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Just like athletes become stronger under the guidance of a good coach, so do teachers. There are many ways to design a coaching program, but the general idea is that a veteran educator observes a teacher in the classroom and then gives constructive feedback on issues ranging from managing student misbehavior to framing open-ended questions that push students to think harder. The teacher then tries to incorporate what the coach suggests and the cycle of observation and feedback repeats. The number of sessions and frequency vary.
Researchers began rigorously studying coaching in the late 1990s and have been ramping up in the past 10 years to see how well coaching works and if coaching programs are any better than the kind of training seminars that teachers typically attend to further their “professional development.” Now, a team of researchers has come to a frustrating conclusion: coaching can help but no one has figured out how to successfully expand coaching programs so that they reach many teachers.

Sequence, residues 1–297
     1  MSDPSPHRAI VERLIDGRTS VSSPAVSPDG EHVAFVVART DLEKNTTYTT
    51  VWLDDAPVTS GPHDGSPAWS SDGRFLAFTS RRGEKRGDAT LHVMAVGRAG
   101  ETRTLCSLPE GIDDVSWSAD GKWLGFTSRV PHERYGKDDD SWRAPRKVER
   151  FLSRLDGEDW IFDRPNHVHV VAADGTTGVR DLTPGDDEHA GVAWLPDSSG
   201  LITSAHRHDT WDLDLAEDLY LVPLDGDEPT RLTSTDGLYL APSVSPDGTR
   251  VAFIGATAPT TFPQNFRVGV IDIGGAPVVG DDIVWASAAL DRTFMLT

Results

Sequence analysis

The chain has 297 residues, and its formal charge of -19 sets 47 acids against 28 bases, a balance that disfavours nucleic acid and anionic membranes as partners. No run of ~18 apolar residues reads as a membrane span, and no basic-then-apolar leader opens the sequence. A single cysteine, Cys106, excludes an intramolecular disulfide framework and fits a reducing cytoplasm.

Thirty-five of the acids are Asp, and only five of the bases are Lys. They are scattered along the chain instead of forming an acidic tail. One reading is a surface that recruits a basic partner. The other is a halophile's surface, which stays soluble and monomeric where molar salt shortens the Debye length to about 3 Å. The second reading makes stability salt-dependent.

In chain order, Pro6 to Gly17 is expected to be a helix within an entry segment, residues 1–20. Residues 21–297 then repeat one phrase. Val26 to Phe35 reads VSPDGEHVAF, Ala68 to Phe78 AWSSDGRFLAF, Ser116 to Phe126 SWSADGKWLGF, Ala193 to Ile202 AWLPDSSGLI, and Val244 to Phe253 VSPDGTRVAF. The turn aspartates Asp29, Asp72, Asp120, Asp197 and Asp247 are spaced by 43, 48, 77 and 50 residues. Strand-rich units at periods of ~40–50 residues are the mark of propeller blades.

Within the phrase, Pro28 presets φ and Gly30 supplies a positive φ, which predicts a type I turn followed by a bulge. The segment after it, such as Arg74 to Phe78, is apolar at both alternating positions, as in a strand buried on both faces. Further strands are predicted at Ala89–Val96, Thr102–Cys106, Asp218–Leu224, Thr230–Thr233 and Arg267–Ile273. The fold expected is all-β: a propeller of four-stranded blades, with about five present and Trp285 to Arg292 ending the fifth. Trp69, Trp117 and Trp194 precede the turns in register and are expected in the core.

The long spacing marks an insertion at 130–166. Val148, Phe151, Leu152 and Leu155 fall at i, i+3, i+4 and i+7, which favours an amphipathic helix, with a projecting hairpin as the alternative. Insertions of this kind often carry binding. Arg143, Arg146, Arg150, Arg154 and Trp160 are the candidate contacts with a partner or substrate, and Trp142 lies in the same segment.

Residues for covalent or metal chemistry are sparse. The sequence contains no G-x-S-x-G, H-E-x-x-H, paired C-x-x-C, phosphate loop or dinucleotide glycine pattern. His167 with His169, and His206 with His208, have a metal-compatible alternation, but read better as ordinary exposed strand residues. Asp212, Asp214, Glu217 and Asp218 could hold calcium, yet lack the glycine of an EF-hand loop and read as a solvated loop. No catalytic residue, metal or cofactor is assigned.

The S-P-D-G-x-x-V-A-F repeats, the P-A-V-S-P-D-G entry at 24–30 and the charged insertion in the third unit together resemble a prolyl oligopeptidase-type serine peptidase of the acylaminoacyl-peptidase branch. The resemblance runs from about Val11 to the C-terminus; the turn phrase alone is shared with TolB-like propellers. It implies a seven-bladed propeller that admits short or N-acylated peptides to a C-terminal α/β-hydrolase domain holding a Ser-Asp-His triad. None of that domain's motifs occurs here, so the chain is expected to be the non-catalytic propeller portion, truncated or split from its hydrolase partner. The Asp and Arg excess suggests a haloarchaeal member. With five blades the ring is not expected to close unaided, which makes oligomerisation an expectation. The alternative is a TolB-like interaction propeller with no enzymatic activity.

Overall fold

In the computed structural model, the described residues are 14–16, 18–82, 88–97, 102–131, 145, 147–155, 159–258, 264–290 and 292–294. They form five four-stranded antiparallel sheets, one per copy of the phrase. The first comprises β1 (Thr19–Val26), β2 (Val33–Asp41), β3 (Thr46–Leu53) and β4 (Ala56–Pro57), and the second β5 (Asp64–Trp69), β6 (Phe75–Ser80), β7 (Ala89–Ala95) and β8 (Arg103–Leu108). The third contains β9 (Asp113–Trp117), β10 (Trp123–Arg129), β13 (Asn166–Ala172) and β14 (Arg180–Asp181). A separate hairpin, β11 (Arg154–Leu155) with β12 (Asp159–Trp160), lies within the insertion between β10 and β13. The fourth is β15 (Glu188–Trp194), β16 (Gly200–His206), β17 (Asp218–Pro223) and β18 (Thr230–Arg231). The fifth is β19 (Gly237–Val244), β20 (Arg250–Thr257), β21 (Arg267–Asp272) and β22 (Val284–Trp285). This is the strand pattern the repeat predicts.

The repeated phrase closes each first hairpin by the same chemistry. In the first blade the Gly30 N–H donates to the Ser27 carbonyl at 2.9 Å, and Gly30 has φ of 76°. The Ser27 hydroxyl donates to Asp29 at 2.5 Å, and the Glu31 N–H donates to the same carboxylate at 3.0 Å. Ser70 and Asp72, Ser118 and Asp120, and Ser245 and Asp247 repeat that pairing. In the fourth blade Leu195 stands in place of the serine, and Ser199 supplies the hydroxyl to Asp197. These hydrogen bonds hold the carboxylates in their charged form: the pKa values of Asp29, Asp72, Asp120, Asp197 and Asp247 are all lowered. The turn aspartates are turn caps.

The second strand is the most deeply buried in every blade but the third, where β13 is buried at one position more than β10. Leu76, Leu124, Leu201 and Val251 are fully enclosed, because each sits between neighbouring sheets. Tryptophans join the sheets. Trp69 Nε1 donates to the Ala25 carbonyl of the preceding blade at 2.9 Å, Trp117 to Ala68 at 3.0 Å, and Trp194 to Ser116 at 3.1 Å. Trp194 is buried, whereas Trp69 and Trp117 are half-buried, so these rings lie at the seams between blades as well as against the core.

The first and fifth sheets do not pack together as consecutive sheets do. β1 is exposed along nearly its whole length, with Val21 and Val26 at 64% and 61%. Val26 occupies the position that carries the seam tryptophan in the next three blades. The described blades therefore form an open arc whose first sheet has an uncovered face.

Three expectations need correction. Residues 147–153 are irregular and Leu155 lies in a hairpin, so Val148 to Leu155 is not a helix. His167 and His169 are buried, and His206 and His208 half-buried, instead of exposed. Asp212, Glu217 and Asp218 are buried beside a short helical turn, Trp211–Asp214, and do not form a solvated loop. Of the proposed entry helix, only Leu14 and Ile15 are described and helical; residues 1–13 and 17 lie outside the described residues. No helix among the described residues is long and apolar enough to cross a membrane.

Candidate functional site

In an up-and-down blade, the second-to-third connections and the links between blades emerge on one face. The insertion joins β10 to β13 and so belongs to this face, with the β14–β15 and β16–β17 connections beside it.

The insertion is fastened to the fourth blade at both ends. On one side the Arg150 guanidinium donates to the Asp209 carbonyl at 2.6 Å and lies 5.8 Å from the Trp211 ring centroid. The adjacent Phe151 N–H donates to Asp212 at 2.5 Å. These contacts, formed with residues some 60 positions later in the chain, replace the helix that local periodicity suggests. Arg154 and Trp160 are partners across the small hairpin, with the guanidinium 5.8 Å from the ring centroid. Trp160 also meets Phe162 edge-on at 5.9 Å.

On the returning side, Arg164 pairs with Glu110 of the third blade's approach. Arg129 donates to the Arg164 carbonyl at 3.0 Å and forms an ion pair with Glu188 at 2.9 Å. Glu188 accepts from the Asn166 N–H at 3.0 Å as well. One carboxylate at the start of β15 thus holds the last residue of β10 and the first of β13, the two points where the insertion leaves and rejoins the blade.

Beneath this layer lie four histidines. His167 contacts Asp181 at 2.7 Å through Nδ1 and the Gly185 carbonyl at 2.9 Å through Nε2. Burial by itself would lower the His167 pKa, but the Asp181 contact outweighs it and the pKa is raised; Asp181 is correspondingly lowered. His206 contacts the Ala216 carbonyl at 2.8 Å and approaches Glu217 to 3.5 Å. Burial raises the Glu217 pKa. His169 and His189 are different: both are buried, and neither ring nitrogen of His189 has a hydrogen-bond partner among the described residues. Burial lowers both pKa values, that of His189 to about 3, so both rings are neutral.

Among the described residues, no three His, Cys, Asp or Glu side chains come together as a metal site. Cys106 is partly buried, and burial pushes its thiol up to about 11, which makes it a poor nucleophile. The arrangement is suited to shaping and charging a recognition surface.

Researchers Matthew Kraft and David Blazar have been collecting every well-designed study on teacher coaching. They tallied up results from 60 programs and found that, on average, coaching greatly improved the quality of classroom instruction as measured by how outside observers evaluated teachers’ performance and interaction with students. But the average improvement in students’ academic achievement, as measured by reading or math assessments, was small.
Read the full article about whether teachers need coaches by Jill Barshay at The Hechinger Report.